The question presented in this case is whether fair use and free speech are defences to a claim for transfer of a domain name under the Policy. Under Paragraph 4 (c)(iii) of the Policy, non-commercial fair use is expressly made a defense, as noted above. Although free speech is not listed as one of the Policy’s examples of a right or legitimate interest in a domain name, the list is not exclusive, and the Panel concludes that the exercise of free speech for criticism and commentary also demonstrates a right or legitimate interest in the domain name under Paragraph 4 (c)(iii). The Internet is above all a framework for global communication, and the right to free speech should be one of the foundations of Internet law.”
6.34 In TMP Worldwide Inc. v. Jennifer L. Potter, WIPO Case No. D2000-0536, the domain names in dispute were <tmpworldwide.net> and <tmpworldwide.org> and were being used by the respondent to criticise the complainant. The panel concluded that the respondent was using her “First Amendment right to criticize Complainant and comment on her experiences in dealing with Complainant”. The panel went on to state that:
“As the legislative history surrounding passage of the “Anticybersquatting Consumer Protection Act” indicates, use of a mark in a domain name where the Internet site involves commentary, comparative advertising, criticism, parody, or news reporting is beyond the scope of the law. In the Panel’s view, it is also beyond the scope of the Policy.”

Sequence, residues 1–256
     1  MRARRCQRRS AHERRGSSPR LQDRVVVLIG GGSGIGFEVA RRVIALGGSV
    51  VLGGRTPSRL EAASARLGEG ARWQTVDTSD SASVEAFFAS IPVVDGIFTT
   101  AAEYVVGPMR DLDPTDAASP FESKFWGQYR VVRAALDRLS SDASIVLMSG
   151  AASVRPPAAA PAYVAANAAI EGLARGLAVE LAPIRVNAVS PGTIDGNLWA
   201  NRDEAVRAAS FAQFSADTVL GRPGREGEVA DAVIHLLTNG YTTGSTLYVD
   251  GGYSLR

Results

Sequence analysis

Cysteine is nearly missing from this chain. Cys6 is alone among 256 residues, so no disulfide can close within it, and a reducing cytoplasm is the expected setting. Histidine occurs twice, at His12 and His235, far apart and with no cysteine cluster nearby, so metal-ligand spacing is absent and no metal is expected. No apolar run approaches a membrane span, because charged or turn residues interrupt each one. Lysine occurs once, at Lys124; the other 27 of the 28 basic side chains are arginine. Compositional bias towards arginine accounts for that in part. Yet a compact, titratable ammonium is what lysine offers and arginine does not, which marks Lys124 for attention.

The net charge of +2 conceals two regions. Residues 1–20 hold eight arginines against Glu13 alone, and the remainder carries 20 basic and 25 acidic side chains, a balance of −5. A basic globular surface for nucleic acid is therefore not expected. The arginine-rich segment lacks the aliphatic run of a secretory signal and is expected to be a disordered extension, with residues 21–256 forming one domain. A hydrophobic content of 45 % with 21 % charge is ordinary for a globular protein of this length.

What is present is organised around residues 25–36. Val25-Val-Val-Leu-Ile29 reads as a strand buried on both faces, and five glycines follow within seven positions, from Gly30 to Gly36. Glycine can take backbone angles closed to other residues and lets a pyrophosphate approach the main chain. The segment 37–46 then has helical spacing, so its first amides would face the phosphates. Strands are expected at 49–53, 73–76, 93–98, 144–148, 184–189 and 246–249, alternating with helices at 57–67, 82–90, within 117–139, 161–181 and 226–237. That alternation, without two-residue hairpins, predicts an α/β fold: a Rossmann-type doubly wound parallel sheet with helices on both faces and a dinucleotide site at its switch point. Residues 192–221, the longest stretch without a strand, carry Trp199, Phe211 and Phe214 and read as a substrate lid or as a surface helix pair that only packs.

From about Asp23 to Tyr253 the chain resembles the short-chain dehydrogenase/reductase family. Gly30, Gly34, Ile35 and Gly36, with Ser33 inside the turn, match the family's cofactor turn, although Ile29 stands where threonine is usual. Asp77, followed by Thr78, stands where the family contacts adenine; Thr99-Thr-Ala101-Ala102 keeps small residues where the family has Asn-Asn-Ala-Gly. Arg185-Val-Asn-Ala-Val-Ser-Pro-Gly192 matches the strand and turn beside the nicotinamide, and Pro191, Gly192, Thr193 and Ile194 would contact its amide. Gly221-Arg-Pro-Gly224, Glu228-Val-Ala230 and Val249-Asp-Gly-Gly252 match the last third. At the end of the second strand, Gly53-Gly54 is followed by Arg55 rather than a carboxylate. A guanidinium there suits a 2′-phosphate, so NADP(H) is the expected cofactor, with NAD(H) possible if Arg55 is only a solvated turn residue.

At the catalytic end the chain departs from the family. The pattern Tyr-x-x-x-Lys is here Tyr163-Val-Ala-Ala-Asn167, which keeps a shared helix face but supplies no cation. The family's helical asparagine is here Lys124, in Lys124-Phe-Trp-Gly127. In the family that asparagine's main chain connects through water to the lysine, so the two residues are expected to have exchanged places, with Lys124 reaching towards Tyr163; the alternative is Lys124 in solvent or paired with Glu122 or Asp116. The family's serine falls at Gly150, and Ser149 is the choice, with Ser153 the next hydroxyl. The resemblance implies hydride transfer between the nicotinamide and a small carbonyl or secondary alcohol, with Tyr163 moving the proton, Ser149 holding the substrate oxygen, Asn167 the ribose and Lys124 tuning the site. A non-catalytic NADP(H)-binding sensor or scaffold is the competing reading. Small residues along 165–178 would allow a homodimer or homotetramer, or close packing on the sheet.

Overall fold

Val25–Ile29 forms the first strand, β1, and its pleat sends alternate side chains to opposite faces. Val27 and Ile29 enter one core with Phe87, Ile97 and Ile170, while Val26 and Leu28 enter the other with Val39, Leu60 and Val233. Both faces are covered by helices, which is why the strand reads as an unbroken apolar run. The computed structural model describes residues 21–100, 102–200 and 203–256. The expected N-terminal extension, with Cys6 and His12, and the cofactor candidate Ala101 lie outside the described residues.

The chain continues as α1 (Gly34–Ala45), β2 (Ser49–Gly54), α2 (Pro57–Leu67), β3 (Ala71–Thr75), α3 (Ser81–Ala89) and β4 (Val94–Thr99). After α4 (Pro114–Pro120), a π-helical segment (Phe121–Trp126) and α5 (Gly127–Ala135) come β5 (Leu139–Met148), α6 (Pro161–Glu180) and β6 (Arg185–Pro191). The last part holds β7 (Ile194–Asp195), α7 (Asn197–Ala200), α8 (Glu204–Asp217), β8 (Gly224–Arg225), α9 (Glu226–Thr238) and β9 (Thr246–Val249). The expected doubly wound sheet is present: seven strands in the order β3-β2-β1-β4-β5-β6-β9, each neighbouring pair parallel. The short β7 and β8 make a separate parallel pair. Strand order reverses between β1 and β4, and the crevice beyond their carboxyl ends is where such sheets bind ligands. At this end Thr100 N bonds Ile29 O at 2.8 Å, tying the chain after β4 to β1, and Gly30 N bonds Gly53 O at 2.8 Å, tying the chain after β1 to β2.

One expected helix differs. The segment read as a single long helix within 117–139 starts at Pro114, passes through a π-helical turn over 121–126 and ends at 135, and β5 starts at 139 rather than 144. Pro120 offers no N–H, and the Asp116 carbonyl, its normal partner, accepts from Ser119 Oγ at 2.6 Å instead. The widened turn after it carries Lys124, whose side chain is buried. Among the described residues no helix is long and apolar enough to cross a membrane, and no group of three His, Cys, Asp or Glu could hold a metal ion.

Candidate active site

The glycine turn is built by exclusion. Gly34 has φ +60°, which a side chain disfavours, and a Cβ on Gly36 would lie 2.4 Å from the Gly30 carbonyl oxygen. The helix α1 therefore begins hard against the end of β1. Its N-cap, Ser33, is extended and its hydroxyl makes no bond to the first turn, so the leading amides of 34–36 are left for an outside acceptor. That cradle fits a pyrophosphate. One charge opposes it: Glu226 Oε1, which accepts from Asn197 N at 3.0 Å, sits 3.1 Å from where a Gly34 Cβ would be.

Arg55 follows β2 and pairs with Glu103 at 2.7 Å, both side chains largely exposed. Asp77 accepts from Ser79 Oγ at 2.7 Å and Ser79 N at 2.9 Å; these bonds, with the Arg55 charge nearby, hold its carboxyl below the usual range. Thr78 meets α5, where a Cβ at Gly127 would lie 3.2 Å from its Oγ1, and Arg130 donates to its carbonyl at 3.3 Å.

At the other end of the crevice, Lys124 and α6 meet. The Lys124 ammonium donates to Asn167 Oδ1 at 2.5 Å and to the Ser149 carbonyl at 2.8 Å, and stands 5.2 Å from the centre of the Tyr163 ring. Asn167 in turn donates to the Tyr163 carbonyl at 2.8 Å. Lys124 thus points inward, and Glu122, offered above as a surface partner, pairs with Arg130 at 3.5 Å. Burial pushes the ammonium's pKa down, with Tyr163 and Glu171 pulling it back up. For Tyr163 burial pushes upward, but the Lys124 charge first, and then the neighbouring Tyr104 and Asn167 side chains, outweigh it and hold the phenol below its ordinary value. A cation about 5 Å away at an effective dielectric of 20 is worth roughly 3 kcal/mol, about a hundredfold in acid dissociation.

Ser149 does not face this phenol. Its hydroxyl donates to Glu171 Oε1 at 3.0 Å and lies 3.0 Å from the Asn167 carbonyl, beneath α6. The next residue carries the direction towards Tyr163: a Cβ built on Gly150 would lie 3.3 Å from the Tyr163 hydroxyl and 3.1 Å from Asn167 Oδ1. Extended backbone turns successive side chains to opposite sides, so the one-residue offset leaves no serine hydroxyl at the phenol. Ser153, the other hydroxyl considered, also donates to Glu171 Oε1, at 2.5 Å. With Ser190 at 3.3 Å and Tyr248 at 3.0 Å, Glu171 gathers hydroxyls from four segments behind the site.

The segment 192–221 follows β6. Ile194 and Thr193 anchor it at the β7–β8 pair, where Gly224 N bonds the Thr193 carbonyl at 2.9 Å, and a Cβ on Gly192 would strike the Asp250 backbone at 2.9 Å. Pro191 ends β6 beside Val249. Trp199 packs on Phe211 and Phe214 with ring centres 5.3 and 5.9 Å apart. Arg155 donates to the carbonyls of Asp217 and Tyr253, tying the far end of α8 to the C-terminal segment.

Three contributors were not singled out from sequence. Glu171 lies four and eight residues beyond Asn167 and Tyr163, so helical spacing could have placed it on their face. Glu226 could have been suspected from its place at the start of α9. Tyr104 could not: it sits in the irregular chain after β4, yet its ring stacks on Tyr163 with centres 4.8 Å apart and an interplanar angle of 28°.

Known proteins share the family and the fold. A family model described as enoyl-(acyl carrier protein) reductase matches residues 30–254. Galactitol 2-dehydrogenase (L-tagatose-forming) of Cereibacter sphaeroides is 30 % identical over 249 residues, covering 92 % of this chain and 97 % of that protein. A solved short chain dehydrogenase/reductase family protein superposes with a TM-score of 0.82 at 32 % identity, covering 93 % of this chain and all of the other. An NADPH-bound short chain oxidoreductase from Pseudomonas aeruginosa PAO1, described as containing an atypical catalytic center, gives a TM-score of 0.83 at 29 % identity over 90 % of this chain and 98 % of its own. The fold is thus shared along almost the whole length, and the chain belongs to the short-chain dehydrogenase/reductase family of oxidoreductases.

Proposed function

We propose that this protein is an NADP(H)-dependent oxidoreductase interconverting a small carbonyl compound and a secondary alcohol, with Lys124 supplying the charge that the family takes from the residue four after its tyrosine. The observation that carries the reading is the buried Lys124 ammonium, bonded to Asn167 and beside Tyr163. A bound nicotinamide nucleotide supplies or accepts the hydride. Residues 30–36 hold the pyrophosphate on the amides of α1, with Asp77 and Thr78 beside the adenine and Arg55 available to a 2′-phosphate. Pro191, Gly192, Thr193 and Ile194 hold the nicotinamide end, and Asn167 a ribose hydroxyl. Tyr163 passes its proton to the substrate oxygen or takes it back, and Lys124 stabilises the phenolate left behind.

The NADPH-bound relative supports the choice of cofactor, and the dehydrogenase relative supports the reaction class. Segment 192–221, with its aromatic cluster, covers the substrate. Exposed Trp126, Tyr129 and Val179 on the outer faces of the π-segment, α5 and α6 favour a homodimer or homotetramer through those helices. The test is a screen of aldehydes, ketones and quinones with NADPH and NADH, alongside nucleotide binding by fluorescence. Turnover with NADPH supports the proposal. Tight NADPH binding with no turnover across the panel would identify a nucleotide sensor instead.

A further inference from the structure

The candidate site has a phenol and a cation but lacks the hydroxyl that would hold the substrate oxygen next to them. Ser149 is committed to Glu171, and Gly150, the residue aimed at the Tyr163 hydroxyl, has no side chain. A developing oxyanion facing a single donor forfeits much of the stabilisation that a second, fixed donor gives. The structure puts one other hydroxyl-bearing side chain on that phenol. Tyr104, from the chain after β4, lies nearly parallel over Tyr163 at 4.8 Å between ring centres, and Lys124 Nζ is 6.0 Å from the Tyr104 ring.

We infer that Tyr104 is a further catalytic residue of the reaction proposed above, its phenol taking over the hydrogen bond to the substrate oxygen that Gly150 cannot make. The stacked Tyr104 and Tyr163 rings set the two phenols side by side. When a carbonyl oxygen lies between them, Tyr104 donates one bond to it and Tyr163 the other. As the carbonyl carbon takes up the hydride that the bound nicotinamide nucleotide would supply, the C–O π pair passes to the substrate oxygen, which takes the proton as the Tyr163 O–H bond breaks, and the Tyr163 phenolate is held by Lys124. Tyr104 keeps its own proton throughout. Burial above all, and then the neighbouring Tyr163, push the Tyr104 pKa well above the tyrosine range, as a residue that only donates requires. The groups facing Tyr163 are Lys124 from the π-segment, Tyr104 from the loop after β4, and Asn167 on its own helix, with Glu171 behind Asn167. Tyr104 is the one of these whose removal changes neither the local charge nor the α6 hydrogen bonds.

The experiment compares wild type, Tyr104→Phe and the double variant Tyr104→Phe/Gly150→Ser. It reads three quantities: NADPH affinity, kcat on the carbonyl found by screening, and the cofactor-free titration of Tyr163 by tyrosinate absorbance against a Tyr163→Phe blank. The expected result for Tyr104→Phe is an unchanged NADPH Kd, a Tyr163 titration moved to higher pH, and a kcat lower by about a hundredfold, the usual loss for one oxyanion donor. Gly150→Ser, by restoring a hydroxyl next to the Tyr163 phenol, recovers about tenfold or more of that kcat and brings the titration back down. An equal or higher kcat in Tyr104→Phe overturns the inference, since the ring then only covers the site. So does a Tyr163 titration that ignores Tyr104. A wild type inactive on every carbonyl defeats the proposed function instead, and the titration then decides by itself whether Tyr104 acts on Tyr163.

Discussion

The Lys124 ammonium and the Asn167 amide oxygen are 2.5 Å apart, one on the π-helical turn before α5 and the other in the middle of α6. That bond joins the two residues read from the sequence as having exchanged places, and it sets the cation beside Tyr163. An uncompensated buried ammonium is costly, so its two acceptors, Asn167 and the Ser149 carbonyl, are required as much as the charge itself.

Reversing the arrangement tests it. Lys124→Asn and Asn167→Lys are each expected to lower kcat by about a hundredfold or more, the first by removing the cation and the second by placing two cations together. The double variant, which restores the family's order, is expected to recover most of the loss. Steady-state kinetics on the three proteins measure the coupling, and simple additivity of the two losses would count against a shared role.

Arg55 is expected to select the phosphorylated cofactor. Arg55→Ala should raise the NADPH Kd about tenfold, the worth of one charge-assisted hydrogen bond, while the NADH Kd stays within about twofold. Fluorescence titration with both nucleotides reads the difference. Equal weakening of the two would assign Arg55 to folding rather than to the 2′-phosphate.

6.35 In the circumstances, the panel concluded that the complainant had failed to establish that the respondent had no rights or legitimate interests in respect of the domain name, a finding that it considered to be consistent with the Bridgestone case already described above.
6.36 Lastly, in Howard Jarvis Taxpayers Association v. Paul McCauley, WIPO Case No. D2004-0014, the domain name was <hjta.com> and again it was being used to criticise the complainant. The decision is notable for its tour de force of citation of previous UDRP decisions in this area, including, significantly, many of the cases on both sides of the debate including Skattedirektoratet v. Eivind Nag, WIPO Case No. D2000-1314; Triodos Bank NV v. Ashley Dobbs, WIPO Case No. D2002-0776 and Bridgestone Firestone, Inc., Bridgestone/Firestone Research, Inc., and Bridgestone Corporation v. Jack Myers, WIPO Case No. D2000-0190. The panelist also cites a significant amount of US case law on the issue.